View Full Version : Shoulder subluxations, RC weakness, and joint clicking, OH MY!

Tim Donahey
08-08-2007, 06:28 PM
So my shoulders have been pretty good, today is the first I've had problems in awhile, but I managed to slightly subluxate my left shoulder during a snatch balance and now that shoulder is popping and crackling and clicking like rice crispies.

I can OH press 135 lbs, but I can scarcely OH squat the bar and I know the source of these problems lies therein that weakness.

How can I make my rotator cuff stronger?

Eric Allen Kerr
08-08-2007, 07:25 PM

Sounds about the same symptoms I have. But in my case the subluxation occurred while doing pull-ups. So, I have had to do some research in this area.

A pretty good book on the topic is

http://www.amazon.com/Treat-Your-Own-Rotator-Cuff/dp/1598582062/ref=pd_bbs_sr_1/ 105-2520413-5368441?ie=UTF8&s=books&qid=1186625526&sr=8-1 (http://www.amazon.com/Treat-Your-Own-Rotator-Cuff/dp/1598582062/ref=pd_bbs_sr_1/105-2520413-5368441?ie=UTF8&s=books&qid=1186625526&sr=8-1)

It agrees pretty well with other information I've dug up on the topic, plus has quite a bit of info that I hadn't found anywhere else.

Drop the overhead lifts while your are rehabbing your RC.

Stretch your shoulders daily.

Strengthening exercies for:

External Rotation
Internal Rotation
Abduction (no more than 45°)
Also shoulder strenghtening exercies like Dumbell rows are good.

If you've got someone that can assess your injury accurately, you can decide to place more emphasis on the weaker muscles rather than a general RC strengthening program.

Start with the little pink dumbells and work your way up.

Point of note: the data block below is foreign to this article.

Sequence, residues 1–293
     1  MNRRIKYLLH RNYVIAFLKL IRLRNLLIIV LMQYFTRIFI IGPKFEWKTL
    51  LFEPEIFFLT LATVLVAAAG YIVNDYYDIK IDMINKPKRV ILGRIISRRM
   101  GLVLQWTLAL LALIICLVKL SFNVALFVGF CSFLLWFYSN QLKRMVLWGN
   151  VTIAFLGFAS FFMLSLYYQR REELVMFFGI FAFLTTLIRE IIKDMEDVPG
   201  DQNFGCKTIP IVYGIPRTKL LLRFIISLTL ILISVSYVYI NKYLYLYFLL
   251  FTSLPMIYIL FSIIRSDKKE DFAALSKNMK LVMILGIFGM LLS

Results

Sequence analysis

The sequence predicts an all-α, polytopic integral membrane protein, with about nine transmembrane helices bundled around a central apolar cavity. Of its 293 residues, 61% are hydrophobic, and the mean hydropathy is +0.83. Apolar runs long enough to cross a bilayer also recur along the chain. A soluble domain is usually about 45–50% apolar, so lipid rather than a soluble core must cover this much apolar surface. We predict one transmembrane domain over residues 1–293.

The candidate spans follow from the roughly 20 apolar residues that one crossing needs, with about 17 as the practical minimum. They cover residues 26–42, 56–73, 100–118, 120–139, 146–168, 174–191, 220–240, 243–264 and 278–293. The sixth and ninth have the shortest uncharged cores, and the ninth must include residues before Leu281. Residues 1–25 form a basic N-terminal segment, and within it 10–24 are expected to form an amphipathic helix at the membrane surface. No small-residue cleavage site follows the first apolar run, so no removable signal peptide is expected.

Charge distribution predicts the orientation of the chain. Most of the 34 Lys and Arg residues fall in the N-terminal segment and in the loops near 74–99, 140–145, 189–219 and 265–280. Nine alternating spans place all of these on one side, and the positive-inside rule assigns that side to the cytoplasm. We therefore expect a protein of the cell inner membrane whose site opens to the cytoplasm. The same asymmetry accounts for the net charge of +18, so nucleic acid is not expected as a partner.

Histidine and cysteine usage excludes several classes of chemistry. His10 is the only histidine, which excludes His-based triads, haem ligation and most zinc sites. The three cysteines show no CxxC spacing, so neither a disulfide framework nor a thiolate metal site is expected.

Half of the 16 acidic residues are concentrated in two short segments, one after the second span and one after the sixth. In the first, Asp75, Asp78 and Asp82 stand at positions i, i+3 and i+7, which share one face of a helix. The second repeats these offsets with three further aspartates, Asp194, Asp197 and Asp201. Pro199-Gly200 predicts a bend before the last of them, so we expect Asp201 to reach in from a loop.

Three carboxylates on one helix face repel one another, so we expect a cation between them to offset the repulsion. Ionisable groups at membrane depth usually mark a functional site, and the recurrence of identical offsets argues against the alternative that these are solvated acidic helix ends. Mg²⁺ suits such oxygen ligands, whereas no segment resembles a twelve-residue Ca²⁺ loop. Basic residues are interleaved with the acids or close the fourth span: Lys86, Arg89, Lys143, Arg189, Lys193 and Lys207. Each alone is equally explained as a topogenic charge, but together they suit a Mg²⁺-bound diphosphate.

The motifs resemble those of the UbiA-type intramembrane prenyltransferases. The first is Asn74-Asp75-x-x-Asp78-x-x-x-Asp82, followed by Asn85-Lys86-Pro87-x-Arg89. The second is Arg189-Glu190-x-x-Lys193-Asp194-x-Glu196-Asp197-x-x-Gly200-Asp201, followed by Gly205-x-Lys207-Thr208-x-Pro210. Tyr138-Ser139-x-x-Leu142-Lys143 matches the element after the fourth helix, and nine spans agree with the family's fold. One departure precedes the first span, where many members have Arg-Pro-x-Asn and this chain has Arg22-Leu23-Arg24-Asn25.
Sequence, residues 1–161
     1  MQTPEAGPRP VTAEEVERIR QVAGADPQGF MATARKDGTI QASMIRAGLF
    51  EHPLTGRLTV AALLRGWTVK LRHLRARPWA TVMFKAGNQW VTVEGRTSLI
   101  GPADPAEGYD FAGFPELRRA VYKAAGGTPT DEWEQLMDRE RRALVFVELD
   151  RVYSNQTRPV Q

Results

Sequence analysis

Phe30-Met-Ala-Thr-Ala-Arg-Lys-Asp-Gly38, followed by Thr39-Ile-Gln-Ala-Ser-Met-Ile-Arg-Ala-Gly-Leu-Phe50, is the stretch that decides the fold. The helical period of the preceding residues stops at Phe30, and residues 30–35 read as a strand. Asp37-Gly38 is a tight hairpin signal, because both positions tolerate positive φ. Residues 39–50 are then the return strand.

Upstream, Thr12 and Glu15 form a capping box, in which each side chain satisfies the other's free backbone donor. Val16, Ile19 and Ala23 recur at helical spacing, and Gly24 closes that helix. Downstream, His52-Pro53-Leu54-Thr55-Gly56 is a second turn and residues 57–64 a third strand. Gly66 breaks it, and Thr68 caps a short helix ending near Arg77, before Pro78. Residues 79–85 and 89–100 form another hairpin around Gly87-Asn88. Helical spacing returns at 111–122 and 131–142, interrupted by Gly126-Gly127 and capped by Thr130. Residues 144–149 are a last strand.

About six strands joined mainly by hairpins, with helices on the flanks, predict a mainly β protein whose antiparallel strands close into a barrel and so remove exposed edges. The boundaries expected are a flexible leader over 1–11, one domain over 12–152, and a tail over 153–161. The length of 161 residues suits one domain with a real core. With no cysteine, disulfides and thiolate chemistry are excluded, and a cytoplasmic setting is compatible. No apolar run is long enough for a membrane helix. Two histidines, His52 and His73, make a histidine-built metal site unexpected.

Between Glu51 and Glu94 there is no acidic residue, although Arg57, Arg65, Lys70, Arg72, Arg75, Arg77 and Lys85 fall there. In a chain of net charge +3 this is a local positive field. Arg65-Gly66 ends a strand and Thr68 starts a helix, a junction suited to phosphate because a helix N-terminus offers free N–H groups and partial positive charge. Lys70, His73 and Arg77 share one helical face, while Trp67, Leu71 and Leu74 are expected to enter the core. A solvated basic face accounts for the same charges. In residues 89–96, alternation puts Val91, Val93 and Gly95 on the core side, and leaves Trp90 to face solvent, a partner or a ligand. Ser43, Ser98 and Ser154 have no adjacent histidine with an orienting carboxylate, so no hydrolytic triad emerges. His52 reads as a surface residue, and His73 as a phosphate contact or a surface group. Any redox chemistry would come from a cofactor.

Tubing or cables weight machines can also be used.

Keep the number of sets low and the number of reps high.

I've seen some info recommending doing more ballistic activitives (throwing and catching medicine ball type activities) after you've got range of motion and strength back to a decent level. But haven't necessarily seen sufficient research to back it up.

Joshua Marcum
08-09-2007, 06:41 AM
Hey buddy the best way I have found to rehab a shoulder al around is the kip. I had a really bad dis location a while back and the whole thing was drifting around. I practiced the kips for about amonth really focussing on being able to hold the retracted position and before I knew I was back to full strength and a much more stable joint. Don't know if that helps but I hope it does.

Corey Duvall
08-10-2007, 08:15 AM
Turkish get ups are a phenomenal exercise for the shoulder. A common misconception is that you must rehab the rotator cuff, but more important is rehabbing the scapulohumeral rhythm. Your shoulder blade is what your arm actually forms a joint with and as your arms move around their range of motion the scapula rotates in order to support the head of the humerus. When this rotation is dysfunctional it puts the rotator cuff at a disadvantage, the muscles don't have the pull or strength that they should and can't maintain shoulder stability. Neglecting the scapula is a major error in shoulder rehabilitation.